When Councilman Ralph McMorris presents his plan for a proposed “South Beach” project to the Galveston City Council on Thursday, listen for the numbers. The interesting parts of this plan are its financial implications.
McMorris is a critic of building high-rise hotels on the beach. He argues that doing so would be a financial disaster, from the public’s point of view, anyway.
He’ll get to make his case Thursday.
McMorris contends the city should buy up private property south of the seawall and convert it to a public beach. He’s particularly focused on the largely undeveloped, privately owned land from Porretto Beach to the east.
In widely publicized cases, the last City Council granted specific-use permits that exempt two seawall properties from rules that limit the height of buildings.
McMorris contends that political decision added value for the landowners. What the City Council didn’t consider was the erosion of the value of property behind the seawall, McMorris said.
For example, if a new hotel tower were built on the beach, would people who had bought condos on the north side of Seawall Boulevard with views of the Gulf go to the appraisal district and ask for a reduction in their property values? McMorris contends that’s likely, and some of his strongest supporters live in condos in Emerald by the Sea. McMorris also contends the developers of a new hotel on the beach would lock those improvements in a Tax Increment Reinvestment Zone. That means that the public wouldn’t see the benefits of increased tax revenues for years.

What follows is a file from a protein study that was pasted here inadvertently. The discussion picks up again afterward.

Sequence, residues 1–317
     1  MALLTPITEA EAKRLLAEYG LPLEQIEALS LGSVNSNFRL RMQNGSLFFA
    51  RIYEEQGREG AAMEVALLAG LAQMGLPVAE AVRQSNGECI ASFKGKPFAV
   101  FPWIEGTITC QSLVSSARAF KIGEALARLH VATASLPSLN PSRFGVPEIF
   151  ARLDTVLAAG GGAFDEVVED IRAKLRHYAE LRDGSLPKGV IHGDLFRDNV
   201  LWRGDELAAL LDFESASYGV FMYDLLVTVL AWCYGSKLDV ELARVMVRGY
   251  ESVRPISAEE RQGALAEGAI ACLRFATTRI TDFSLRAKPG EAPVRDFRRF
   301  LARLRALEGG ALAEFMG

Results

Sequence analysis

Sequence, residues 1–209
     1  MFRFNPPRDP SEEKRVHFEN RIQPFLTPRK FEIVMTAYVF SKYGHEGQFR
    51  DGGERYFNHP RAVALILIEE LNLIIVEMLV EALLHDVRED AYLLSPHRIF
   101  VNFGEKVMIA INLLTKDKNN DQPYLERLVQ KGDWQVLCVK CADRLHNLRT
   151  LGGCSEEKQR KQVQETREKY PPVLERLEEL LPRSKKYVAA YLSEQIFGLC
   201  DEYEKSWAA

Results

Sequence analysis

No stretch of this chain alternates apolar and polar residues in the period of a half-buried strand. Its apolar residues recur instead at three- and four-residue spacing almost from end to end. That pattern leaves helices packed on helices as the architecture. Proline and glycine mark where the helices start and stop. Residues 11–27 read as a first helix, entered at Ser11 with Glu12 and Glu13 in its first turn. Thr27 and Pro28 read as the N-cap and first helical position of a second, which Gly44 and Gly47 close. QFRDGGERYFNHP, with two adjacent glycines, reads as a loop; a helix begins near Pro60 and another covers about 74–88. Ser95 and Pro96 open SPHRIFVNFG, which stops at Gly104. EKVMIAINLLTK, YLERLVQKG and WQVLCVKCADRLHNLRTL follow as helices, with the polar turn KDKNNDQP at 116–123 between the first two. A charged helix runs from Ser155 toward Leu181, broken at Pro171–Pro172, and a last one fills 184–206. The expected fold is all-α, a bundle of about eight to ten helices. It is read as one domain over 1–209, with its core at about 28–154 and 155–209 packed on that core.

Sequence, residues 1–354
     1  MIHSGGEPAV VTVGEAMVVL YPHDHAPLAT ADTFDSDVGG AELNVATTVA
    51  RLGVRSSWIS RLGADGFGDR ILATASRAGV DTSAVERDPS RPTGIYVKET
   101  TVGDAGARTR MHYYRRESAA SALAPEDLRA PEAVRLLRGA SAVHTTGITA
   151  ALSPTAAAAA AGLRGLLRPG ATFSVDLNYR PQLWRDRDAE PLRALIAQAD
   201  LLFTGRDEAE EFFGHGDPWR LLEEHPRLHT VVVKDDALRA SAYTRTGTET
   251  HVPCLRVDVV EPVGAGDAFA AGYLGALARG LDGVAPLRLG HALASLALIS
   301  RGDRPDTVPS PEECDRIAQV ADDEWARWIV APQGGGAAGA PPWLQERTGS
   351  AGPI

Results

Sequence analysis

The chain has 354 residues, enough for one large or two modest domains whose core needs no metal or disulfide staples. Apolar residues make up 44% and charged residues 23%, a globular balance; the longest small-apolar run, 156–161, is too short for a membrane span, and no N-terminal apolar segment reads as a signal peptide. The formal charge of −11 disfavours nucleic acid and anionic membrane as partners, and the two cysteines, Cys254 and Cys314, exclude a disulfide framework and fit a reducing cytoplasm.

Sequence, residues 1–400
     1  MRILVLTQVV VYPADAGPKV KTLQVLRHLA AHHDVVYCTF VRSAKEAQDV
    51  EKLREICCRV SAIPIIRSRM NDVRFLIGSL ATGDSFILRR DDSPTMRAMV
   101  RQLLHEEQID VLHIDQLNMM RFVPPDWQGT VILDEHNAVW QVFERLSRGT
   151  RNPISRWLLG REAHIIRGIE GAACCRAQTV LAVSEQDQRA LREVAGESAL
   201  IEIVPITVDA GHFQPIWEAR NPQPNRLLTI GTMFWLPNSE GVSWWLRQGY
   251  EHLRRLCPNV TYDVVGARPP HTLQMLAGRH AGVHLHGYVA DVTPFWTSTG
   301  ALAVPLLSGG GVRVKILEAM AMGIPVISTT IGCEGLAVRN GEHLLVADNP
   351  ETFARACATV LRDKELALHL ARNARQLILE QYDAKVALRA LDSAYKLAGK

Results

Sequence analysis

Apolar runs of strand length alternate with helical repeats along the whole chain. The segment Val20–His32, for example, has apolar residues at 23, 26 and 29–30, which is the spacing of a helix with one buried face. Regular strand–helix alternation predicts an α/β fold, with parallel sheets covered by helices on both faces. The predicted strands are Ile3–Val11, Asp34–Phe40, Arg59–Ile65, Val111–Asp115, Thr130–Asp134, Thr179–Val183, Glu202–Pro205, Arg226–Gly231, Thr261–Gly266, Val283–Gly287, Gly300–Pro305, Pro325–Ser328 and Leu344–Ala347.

McMorris proposes that the city use its Redevelopment Authority to buy up the private property. The public property would be added to Stewart Beach and redeveloped as “the only significant urban beach in the Houston region.” McMorris’ proposal covers about 95 acres, making it comparable in size to Miami’s famed South Beach — hence the name.
Much of the public discussion has involved the idea of redeveloping Stewart Beach.
Less attention has been paid to the financial argument of whether it makes more sense, from the public’s point of view, to acquire the property south of Seawall Boulevard to protect the tax base to the north.
It’s an interesting argument.
At the very least, the council should consider conducting a feasibility study.